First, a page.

Make Sure Your Fire Sprinklers Are in Working Order
A fire sprinkler is a great way to protect your property and the lives of the building’s occupants against fire. When installed correctly, they do a phenomenal job at controlling the spread of fire. Many state codes require some kind of fire suppression system.
How They Work
Sprinkler heads are designed to work independently. Activating one won’t activate them all. They are designed to work when there is enough heat to melt the fusible link. The fusible link is typically a small piece of metal or a glass bulb. The point is to control the fire until the fire department can arrive. Typically, the activation of one or two fire sprinklers is enough. This means less fire sprinkler cleanup later.
Maintaining the sprinklers is vital. Control valves need to be visually inspected occasionally to make sure they are locked in the wide-open position. Sometimes the valve gets shut during repairs or maintenance on the system.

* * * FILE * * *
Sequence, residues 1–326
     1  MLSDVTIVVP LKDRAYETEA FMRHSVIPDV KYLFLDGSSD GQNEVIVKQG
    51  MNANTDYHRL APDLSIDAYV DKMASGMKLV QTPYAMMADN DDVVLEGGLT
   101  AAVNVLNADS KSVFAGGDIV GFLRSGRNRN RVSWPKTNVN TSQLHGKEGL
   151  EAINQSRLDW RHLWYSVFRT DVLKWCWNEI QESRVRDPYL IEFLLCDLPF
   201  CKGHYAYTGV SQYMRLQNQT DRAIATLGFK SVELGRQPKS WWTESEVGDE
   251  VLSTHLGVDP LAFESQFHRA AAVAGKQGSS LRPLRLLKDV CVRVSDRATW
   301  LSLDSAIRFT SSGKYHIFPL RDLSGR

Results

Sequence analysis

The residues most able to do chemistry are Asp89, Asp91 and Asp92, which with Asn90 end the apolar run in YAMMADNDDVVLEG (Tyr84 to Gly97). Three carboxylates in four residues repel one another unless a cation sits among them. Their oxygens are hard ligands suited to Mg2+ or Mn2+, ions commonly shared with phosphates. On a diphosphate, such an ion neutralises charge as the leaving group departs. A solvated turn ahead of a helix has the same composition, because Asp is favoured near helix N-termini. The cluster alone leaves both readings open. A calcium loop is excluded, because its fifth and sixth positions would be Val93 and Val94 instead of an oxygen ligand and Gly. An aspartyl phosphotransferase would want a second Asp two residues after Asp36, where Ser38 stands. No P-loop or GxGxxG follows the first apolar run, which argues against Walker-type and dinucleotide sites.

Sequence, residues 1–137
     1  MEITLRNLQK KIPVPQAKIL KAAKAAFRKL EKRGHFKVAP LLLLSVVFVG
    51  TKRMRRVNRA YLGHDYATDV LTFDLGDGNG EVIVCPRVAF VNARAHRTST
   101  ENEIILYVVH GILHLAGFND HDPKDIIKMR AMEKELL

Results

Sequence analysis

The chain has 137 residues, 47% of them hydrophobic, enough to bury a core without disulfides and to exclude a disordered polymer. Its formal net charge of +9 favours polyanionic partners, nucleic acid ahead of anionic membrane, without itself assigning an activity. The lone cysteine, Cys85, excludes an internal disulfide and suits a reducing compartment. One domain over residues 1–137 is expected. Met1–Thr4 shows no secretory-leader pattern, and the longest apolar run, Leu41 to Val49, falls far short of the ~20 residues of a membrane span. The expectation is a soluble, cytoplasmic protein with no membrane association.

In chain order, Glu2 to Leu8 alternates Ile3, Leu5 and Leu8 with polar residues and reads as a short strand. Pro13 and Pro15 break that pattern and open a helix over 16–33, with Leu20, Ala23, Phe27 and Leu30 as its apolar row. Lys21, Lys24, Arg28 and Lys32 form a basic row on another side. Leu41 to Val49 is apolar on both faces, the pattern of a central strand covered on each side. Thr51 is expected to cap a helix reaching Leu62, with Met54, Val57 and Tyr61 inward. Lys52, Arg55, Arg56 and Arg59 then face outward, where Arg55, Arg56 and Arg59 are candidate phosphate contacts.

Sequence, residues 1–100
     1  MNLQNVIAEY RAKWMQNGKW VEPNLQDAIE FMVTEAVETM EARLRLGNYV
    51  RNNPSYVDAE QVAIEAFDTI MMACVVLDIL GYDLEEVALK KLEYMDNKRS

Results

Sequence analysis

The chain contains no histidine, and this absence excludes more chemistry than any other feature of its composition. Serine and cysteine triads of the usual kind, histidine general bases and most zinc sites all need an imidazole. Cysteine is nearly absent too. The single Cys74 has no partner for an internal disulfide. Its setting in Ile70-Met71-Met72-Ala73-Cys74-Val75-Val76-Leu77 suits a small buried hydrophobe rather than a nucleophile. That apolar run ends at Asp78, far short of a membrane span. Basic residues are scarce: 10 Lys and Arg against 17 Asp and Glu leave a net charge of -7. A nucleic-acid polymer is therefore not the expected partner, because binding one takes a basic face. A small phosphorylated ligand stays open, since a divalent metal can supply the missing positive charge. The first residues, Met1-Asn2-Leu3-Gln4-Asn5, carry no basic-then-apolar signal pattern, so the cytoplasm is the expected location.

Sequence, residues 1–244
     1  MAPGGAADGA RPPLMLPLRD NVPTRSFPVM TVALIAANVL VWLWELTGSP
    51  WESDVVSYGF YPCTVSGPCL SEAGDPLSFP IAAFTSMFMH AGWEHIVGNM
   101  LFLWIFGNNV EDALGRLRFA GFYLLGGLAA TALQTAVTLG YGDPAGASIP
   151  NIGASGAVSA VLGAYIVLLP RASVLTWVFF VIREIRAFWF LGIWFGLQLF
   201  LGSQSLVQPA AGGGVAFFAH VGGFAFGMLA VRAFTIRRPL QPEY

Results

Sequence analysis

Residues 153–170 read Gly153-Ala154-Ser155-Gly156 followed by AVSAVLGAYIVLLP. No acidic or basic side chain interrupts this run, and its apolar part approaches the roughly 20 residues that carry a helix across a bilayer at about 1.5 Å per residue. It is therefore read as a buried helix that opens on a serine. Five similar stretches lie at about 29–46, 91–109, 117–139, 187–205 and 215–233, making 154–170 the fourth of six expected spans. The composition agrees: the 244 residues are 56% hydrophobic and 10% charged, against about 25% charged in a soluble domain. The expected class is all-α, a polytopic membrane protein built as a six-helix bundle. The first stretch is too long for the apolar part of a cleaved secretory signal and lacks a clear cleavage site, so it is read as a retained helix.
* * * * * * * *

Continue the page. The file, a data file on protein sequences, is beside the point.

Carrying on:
When they are being shut off for maintenance or repairs:
• Place a tag on the shut control valve
• Notify the fire department
• Notify the insurance companies
• Avoid ignition sources in the area
When a fire sprinkler is shut off, maintenance should be done on it immediately. Get them back up and running as quickly as possible.
Sprinklers need to be inspected and tested on a regular basis to meets regulations. Some municipalities require an inspection to be done by a certified specialist. Physical inspections may vary depending on the specific system. In general, unsupervised valves should be visually checked weekly and locked or supervised valves should be visually checked monthly.
A fire sprinkler system is a great safety feature to have in your office. It can greatly reduce fire damage and may save lives. It needs to be maintained and inspected on a regular basis, so when an emergency does occur, it is able to do its job. Specialists in Albany, Tennessee, can install the necessary system for your building.
Visit us at http://www.SERVPROgreenecounty.com for more commercial fire information.